Legal liability, Government intervention, and auditor behavior: Evidence from structural reform of audit firms in China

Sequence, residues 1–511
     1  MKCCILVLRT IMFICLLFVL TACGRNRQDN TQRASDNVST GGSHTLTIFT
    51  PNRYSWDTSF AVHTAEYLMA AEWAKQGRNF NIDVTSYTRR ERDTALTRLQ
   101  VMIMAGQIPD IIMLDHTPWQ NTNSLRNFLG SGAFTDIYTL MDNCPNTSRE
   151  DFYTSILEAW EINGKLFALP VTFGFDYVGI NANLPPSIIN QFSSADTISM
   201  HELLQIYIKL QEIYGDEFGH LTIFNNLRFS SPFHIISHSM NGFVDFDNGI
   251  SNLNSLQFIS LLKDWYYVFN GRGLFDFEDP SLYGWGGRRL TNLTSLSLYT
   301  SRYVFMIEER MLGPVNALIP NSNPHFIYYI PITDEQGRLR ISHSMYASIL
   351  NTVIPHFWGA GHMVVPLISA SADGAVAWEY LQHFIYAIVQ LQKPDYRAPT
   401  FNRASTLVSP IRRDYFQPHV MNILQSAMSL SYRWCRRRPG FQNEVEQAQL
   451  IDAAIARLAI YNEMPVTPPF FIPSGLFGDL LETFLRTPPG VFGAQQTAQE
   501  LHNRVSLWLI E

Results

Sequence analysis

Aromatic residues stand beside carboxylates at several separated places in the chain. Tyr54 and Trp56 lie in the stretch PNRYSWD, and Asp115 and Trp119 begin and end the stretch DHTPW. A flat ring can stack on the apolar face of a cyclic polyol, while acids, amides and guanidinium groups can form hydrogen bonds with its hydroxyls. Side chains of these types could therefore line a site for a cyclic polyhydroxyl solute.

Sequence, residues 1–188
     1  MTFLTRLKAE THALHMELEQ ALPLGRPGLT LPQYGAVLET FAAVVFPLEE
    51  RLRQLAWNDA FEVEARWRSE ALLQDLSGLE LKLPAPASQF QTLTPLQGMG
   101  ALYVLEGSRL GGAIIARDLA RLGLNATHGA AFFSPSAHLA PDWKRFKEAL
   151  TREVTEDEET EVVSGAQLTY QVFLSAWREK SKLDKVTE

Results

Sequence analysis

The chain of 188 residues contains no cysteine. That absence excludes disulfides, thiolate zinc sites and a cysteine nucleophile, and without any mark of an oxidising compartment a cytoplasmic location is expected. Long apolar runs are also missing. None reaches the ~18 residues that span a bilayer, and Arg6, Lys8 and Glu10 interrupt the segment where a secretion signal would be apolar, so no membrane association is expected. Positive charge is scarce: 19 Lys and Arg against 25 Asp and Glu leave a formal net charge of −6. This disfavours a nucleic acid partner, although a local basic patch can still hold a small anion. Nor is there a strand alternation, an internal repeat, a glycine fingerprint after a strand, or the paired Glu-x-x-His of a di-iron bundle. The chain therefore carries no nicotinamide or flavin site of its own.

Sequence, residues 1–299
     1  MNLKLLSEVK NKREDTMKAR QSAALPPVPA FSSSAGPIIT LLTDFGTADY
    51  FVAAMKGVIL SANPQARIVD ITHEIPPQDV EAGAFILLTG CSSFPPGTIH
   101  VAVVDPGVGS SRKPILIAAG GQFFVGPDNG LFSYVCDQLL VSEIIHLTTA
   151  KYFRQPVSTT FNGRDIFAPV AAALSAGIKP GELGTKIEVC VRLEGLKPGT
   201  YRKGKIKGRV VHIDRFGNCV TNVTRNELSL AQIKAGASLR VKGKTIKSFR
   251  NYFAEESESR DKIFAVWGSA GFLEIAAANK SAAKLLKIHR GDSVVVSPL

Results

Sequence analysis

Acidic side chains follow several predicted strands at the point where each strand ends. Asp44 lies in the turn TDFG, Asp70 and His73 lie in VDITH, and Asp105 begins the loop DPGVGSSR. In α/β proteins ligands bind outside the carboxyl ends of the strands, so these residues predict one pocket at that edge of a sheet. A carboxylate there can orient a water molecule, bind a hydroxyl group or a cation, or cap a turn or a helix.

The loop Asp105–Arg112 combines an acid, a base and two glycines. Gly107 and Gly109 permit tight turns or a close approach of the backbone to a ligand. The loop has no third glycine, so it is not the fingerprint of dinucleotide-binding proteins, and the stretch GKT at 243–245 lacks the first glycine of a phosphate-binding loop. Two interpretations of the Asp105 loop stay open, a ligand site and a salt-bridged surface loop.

This paper investigates how legal liability influences audit quality and audit fees, particularly in the presence of government intervention. Since 2010, all Chinese audit firms were required to transform from a structure of limited liability company (LLC) to limited liability partnership (LLP), which removes the cap on the liability exposure of negligent auditors. By adopting this natural experiment, we document the following findings: first, after audit firms reorganize as LLPs, auditors are more likely to (1) issue modified audit opinions and going-concern opinions, (2) constrain clients' earnings management, and (3) charge a premium in audit fees, which suggest that exerting unlimited legal liability on negligent auditors improves both audit quality and audit fees. Second, the effect of the LLP adoption is more pronounced when auditors are from local audit firms, and clients are controlled by local governments. Further analyses suggest that the stock prices of clients positively react to the reform event, which indicates that LLP adoption improves the overall value of audits. In summary, our empirical findings are consistent with the argument that legal liability is able to effectively shape auditor behavior in emerging markets where the other institutional mechanisms are relatively weaker and government intervention is heavy.